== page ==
For a very short time after dealing with the antenna this morning and it apparently working until I realized it wasn’t, I made a few contacts during the ARRL 10m contest. Only 21 contacts but before this contest, I only had 3 10m contacts logged. It’s interesting to see who I was able to hear/contact. The screen shot snippet below of the 21 contacts makes the “openings” pretty obvious.

I’m where the cross hairs are in NJ. That line of contacts across FL looks fake, but those pins are shown based on the grid location of the operator from QRZ. Here’s a close up of just FL.

Hopefully we can get my G5RV antenna straightened out soon.


Antenna issue and SARTG Results

First the not so good news. This past weekend was a RTTY contest and things were fine. The beginning of the week I fired up the radio and I can’t seem to get the SWR within range when tuning. Hadn’t been a problem before on 10, 20, 40 or 80 meters. I contacted the fellow I got it from and he suggested some tests and resetting my radio. Reset the radio and there’s no difference there. Ran a couple tests and sent him the results. I think I need to pull it down this weekend and see what is going on with it.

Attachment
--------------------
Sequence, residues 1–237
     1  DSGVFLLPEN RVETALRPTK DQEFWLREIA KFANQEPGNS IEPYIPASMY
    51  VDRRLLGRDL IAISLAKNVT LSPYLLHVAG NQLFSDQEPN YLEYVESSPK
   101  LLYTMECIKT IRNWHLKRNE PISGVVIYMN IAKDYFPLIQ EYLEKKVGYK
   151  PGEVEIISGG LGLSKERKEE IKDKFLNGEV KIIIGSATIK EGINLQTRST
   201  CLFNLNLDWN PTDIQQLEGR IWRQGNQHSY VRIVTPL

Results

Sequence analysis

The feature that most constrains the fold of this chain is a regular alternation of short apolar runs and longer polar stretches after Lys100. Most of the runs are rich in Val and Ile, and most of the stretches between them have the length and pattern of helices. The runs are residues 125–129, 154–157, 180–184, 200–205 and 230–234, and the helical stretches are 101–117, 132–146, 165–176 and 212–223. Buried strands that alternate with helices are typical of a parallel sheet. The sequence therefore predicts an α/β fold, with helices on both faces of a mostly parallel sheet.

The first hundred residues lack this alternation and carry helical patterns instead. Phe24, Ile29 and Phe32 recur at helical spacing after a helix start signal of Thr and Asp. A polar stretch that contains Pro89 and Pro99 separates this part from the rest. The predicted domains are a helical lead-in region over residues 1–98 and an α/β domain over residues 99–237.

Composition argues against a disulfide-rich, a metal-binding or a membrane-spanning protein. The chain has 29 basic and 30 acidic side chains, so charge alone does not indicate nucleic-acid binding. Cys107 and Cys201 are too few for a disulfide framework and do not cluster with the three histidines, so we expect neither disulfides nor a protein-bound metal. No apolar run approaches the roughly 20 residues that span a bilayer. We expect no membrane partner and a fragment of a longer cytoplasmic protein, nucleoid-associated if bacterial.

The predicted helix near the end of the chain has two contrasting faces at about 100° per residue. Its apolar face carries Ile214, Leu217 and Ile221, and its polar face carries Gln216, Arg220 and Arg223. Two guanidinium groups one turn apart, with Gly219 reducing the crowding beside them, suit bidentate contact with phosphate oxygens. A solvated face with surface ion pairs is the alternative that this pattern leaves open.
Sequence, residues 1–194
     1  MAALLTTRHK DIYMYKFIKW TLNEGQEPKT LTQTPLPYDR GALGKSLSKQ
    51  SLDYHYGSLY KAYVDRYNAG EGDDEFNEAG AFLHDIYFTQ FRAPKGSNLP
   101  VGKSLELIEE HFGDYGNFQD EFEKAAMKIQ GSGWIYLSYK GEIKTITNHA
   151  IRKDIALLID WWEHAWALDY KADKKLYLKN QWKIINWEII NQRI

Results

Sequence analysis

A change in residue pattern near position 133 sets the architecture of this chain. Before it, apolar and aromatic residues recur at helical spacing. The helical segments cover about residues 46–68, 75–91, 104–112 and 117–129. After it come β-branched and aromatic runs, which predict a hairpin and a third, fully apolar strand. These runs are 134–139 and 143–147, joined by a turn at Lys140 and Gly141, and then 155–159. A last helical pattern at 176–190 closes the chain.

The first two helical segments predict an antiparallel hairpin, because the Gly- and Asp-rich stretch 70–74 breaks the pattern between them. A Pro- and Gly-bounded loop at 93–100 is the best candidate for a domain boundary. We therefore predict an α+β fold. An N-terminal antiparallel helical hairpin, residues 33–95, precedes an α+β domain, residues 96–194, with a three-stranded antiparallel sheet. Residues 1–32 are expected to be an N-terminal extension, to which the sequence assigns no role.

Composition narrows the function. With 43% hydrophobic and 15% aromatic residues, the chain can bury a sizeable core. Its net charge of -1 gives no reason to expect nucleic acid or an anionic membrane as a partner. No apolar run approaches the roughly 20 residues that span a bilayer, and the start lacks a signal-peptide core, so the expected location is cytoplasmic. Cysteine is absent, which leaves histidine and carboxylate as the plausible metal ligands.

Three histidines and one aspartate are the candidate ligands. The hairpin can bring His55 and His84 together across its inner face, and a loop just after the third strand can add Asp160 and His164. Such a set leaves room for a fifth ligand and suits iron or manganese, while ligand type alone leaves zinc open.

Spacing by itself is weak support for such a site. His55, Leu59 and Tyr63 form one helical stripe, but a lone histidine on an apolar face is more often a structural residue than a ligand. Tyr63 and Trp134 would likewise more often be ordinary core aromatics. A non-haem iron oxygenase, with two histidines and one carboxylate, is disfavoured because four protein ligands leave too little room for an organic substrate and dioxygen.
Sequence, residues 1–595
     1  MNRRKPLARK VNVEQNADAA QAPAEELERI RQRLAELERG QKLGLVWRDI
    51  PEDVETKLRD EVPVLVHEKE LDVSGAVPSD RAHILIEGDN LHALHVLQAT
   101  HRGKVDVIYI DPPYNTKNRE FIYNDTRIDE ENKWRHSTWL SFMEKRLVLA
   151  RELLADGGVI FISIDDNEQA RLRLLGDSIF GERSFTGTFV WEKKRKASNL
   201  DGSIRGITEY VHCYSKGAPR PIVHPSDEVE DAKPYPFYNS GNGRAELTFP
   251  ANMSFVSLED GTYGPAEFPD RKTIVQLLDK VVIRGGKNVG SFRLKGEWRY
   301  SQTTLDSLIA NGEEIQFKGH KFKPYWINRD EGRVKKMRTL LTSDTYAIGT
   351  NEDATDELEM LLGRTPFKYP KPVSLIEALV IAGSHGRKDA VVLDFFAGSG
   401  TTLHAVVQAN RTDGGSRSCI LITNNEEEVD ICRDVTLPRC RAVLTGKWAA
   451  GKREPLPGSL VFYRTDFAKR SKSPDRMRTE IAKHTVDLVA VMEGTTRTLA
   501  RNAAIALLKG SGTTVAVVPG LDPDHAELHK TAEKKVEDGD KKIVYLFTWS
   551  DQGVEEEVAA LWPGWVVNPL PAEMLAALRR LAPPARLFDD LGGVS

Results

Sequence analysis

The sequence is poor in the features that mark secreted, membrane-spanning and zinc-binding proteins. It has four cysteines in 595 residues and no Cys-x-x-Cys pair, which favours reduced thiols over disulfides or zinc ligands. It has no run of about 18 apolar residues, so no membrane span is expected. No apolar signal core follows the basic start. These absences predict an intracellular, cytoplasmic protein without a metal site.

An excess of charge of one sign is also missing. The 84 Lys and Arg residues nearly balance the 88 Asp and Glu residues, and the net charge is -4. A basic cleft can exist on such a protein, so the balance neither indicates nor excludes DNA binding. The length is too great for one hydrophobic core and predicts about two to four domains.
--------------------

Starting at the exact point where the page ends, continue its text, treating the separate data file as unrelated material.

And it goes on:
Back in August I went to my in-laws and operated as K2DSL/4 from North Carolina for the SARTG RTTY contest. The final results are posted and I placed 55th in the Single Op Single Band 20m category. Looking back at that contest, I could only operate 2/3rds of it because I was travelling back home for one of the time slots. I also wasn’t comfortable using MMTTY yet which would help me now compared to using DM780 during a contest.  Comparing my submitted score to the final results, I submitted 106 QSOs and they show 103. I submitted 39 mults and the final results show 38.  So comparing the final score that I submitted, I went from 45,825 down to 43,320.  Still, it was my real first contest on my own and it was a lot of fun.